Network & On-Premise Security Checklist For Businesses

Originally posted on June 3, 2020 @ 7:15 am

Network Security Checklist for Businesses


In the digital age of information sharing, network security is of the utmost importance, but it can be hard for small and medium size businesses to keep up with. This checklist breaks down the technology and how to make a network secure.

You can explore Interwest’s services and resources for further support and information about business networks and on-premise security.

5 Key Threats to Understand

Threats to a business’s network and data can come in many different forms. Network security threats are always changing and adapting, and it’s important to be familiar with them to be able to protect against them.

1. Malware

Malware is malicious software intended to steal information and damage devices. It spreads through websites and phishing schemes

2. Viruses

Like their biological counterparts, computer viruses are corrupted applications, files, or web links that replicate themselves and spread to corrupt more data.

3. Phishing

Phishing schemes target businesses via email. They attempt to elicit sensitive or personal information, and introduce malware.

4. Spyware

Spyware is a type of malware specifically designed to enter devices and track internet usage and data. Cybercriminals use the information from tracking to extract further sensitive data for monetary gain.

5. Ransomware

Ransomware is malware that digitally extorts a business by blocking their access to essential files or systems until they pay a ransom or meet demands.

With the number of threats and the havoc they wreak on businesses, how do you secure a network and protect valuable data?

Levels of Network Security Practices Solutions

Network security is a multilevel effort that is always changing and adapting to new threats. There are three levels of network security to consider:

1. Technology: The hardware and software that form a network and network security.

2. Processes: The daily roles, procedures, and tasks to keep a network secure.

3. Users: The members of an organization that use the network.

Addressing each of these levels and understanding how they overlap is important to keep your network and business secure.


Network Security Technology Checklist

The first thing to think about is your network security infrastructure, which includes the hardware and software that make up the network, and that protect the network.. Below are the biggest issues that we typically encounter among businesses. They are essential to think about as you’re growing your business.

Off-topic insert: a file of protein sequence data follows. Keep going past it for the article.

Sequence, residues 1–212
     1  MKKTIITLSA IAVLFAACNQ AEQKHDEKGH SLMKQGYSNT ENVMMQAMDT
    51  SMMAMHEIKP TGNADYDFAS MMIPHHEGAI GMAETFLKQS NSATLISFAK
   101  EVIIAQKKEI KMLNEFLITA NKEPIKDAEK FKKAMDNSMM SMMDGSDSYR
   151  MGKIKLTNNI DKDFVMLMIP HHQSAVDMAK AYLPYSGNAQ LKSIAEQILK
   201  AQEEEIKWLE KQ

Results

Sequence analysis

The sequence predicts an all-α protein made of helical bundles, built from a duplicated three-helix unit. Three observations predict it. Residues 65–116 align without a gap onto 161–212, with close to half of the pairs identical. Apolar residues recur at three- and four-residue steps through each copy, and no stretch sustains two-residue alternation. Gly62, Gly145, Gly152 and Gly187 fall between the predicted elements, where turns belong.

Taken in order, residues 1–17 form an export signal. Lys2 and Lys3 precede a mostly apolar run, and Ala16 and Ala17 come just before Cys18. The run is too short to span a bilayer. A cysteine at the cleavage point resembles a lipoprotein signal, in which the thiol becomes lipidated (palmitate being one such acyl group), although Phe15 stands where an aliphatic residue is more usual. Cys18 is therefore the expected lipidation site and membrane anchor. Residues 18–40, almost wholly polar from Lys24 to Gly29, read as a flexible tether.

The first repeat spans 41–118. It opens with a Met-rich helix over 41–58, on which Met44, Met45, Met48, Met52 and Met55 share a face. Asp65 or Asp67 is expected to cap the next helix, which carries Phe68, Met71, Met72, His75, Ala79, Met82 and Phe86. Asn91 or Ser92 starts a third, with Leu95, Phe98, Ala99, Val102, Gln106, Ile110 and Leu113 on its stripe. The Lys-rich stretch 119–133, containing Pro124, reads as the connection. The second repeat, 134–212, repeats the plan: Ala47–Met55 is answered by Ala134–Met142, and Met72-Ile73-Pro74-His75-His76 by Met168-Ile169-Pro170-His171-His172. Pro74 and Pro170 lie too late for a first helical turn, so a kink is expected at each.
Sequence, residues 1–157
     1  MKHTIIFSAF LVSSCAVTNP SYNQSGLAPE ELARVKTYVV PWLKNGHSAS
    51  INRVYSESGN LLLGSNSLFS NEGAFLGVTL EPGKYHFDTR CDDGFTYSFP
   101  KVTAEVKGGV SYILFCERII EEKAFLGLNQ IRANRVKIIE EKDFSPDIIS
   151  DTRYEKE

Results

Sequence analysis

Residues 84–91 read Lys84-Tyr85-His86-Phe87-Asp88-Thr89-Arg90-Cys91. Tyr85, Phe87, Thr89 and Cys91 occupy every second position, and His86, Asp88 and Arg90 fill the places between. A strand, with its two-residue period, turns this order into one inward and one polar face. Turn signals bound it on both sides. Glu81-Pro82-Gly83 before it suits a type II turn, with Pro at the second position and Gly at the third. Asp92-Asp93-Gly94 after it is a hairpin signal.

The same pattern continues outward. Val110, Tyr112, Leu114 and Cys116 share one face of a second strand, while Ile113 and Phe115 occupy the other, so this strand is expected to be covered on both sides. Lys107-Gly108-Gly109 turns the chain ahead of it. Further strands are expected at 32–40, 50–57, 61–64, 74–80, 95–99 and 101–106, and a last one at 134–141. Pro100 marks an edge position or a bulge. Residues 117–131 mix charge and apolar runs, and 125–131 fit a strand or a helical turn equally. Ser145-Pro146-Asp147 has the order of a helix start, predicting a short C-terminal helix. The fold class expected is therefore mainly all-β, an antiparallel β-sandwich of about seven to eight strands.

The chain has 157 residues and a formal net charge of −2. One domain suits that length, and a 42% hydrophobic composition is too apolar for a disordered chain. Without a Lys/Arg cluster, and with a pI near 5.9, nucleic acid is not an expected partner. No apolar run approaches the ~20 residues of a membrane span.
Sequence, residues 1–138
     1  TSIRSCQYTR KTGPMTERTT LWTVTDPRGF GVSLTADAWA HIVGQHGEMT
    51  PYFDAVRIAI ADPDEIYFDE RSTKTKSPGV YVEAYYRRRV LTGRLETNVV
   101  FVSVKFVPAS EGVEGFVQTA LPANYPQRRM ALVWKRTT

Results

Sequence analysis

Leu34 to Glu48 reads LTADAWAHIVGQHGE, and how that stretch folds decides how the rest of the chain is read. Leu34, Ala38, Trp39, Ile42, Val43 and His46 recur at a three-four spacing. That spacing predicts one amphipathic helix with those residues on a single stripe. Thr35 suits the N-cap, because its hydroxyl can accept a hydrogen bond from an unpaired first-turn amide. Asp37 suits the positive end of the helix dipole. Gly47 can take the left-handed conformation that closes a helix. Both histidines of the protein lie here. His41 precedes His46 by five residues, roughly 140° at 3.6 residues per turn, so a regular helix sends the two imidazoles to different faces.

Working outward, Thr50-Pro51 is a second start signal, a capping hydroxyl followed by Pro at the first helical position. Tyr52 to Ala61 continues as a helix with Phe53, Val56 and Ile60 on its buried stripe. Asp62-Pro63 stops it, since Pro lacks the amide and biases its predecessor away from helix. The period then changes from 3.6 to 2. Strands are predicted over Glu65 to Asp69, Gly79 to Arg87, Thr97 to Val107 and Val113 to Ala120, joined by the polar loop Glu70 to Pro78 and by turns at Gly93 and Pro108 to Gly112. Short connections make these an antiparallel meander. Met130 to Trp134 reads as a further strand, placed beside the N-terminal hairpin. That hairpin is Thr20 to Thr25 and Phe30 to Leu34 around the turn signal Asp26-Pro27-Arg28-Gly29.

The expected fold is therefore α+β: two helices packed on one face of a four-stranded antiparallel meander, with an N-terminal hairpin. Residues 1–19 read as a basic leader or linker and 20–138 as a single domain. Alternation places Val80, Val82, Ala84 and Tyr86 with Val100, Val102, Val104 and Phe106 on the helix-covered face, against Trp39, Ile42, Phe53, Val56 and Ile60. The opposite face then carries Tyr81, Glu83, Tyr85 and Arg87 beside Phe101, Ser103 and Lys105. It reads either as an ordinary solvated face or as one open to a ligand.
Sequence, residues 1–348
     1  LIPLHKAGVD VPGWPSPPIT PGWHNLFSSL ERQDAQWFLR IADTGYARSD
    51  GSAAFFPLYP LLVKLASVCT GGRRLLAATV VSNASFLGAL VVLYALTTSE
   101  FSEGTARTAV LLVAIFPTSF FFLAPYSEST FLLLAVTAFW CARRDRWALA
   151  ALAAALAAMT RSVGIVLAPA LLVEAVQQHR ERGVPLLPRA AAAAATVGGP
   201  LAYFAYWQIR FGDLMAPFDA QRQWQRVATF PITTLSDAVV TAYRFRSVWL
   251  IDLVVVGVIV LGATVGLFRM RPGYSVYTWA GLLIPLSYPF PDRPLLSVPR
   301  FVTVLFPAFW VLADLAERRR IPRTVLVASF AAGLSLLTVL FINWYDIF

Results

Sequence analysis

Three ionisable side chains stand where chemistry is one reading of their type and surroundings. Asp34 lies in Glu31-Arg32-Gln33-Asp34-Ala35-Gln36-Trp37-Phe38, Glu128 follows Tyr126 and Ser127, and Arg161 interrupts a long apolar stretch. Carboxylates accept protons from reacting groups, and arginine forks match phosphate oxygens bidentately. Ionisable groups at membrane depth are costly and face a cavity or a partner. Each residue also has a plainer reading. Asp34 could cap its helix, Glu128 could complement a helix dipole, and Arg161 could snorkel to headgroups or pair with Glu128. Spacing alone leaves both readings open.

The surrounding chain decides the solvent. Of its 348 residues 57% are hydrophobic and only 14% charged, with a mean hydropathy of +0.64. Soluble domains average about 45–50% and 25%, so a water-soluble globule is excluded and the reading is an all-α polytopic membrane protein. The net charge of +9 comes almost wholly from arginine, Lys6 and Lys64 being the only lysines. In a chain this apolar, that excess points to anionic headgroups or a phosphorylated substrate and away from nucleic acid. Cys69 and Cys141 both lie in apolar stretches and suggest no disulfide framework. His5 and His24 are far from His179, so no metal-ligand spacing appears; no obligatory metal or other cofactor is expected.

Antivirus & Anti-Malware: Do you have antivirus & anti-malware tools in place?

Installing antivirus software on all devices to protect from malware corrupting a network and stealing data is an essential part of maintaining the security of your company and a good place to start. Nothing can be more dangerous than a large number of company owned devices with no security solution in place. This can quickly expose sensitive client and company information. Worse still, you could even become exposed to a ransomware hacker group, and get stuck with a massive bill, or lose your data. A best case scenario is that devices become unusable, but more commonly you might find that your business suffers financial damage and long term reputation issues that dog you for years.

Firewall:  Is your company’s firewall properly set up?

Firewalls are a barrier that monitors and filters traffic to prevent suspicious or malicious entities from entering the network. Ensuring that your company has a properly set up firewall can ensure that you’re protected from any incoming and outgoing network traffic that could also result in the costly loss of private data, exposing employee information, or even losing trade secrets. While your business is hopefully immune from these high profile threats, it’s important to understand that hacking by domestic and foreign groups, and even foreign governments is a very real threat.

Intrusion Prevention System (IPS): Are you utilizing an IPS?